A new report released by two Cornell labor professors shows that over the past 20 years, the percentage of U.S. females working has remained relatively stagnant, while many other OECD countries have seen moderate to rapid growth.
In 1990, 74% of American women participated in the workforce. By 2010, that number had risen just over one percentage point, to 75.2%. Contrast that with Canada, France and Germany, which all have female workforce participation at higher than 80%, and other countries like Italy and Spain, which saw double-digit increases. Sweden, which boasts the highest level of female workforce participation at 87.5%, actually dropped three percentage points from its 1990 level.
Admittedly, the numbers don’t tell the whole story. The Washington Post writes that only about 13.1% of American women work part-time, whereas the non-U.S. average is roughly 26%. So when it comes to actual time spent working, U.S. women might not be so far behind their European counterparts.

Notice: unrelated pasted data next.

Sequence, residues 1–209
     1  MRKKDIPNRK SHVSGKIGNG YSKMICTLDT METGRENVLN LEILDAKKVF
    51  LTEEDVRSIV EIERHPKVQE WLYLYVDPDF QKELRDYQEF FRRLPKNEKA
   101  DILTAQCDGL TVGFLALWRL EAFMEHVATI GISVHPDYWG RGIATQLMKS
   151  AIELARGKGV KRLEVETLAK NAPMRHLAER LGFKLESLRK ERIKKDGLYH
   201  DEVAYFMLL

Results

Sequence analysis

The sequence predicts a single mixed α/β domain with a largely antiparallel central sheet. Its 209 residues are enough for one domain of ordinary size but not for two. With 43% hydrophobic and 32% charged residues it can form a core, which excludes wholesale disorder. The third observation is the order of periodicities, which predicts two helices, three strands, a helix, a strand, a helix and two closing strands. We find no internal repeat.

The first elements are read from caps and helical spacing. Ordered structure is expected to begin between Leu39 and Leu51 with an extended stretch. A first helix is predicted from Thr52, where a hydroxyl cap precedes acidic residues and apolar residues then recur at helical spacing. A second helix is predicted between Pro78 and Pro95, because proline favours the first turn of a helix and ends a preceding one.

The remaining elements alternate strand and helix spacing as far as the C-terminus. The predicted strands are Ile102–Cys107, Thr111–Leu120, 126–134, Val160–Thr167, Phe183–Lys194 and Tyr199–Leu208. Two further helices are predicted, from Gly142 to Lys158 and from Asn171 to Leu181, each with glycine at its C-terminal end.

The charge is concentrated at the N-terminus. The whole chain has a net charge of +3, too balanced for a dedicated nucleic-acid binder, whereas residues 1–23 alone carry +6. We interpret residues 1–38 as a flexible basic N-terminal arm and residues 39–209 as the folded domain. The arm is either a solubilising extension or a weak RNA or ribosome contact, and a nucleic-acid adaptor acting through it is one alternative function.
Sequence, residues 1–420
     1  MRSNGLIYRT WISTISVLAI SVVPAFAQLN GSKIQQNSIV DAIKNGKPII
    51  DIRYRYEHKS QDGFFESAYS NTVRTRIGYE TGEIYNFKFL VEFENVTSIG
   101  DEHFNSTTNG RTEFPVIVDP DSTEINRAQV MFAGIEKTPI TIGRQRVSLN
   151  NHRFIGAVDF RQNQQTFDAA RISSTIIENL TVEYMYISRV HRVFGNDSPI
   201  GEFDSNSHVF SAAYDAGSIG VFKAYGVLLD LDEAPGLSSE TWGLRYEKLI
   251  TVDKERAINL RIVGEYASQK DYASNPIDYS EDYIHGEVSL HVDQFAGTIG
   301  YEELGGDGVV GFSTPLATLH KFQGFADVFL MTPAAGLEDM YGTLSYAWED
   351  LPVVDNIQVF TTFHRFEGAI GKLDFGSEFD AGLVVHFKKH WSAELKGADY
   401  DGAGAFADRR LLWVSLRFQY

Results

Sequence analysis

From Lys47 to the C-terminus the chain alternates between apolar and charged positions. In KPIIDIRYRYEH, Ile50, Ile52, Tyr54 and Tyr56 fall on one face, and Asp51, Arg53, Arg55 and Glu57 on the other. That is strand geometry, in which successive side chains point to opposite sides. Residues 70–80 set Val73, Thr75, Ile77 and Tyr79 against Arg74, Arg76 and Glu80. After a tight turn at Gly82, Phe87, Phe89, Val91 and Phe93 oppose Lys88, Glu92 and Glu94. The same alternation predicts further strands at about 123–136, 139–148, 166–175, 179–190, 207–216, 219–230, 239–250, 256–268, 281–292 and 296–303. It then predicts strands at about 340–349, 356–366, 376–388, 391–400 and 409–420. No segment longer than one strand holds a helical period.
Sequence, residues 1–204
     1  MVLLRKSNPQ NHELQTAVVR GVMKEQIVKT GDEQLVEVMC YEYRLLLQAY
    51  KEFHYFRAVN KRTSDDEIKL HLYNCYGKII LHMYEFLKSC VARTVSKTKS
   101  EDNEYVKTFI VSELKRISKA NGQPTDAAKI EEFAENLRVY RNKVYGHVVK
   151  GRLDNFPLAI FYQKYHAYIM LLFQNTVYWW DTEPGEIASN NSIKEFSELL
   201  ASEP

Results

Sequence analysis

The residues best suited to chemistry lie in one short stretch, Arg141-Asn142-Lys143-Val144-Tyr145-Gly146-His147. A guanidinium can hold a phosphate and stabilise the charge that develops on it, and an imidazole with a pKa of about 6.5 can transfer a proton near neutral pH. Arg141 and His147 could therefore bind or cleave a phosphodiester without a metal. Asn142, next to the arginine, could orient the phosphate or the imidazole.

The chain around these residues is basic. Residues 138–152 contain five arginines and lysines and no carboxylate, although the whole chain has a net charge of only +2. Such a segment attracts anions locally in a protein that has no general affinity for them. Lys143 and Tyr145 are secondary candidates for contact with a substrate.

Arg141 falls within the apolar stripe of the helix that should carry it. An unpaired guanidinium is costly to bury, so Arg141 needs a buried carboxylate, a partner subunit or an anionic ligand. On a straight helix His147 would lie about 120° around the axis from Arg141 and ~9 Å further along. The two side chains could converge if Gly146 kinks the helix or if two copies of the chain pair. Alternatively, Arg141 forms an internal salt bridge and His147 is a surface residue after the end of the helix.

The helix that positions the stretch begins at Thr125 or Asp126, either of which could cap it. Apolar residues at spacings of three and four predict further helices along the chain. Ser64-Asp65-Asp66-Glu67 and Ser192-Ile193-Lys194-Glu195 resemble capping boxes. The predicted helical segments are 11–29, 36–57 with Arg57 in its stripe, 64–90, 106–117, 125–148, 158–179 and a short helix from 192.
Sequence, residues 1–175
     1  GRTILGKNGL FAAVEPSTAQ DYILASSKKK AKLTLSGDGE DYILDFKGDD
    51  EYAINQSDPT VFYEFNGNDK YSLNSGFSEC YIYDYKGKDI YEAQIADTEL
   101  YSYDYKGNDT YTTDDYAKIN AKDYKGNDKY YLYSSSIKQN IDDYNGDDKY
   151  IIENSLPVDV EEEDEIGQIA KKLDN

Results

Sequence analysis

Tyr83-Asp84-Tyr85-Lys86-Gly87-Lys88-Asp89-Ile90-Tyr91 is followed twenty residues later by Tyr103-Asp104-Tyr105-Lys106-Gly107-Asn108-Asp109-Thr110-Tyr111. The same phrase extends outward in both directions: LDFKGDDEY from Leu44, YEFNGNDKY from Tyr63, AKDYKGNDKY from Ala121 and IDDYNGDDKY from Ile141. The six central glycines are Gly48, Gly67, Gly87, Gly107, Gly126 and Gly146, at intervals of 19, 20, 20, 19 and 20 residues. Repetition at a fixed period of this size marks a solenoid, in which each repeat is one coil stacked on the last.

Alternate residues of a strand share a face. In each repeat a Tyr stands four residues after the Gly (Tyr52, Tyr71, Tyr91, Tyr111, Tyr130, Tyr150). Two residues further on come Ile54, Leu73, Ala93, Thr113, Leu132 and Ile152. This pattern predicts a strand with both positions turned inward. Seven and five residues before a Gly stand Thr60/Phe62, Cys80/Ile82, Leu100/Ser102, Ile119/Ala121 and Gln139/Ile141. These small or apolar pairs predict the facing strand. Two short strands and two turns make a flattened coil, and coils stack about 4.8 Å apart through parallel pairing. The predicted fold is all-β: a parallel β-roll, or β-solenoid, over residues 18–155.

But the authors also found that a lack of adequate work-life policies, such as mandated parental leave time, can explain about 29% of the decline in American female labor force relative to other countries. Because the U.S. offers almost five times less parental leave time, on average, than European countries, women are often staying away from the workforce. The authors also attribute a lack of public paid leave in the United States to the stagnation of U.S. women joining the workforce, whereas other countries offered paid leave at an average of 38% of wages in 2010.
Ensuring workers have access to paid time off to bond with a newborn and take care of loved ones is essential to keeping families healthy. EOI and the Washington Work and Family Coalition are working to secure dedicated funding for Washington’s yet-to-be funded Family and Medical Leave Insurance system, which would allow workers to take time off to care for seriously ill family members without worrying about lost wages.
It’s not all bad news for women in the U.S., however. The report does note that American women are more successful in rising through the business world than are European women, and they are comparatively more likely to hold “professional” positions. The authors, in the end, conclude that while generous leave policies lead to increased female workforce participation, they can also be associated with increased gender inequities.
By EOI Intern Bill Dow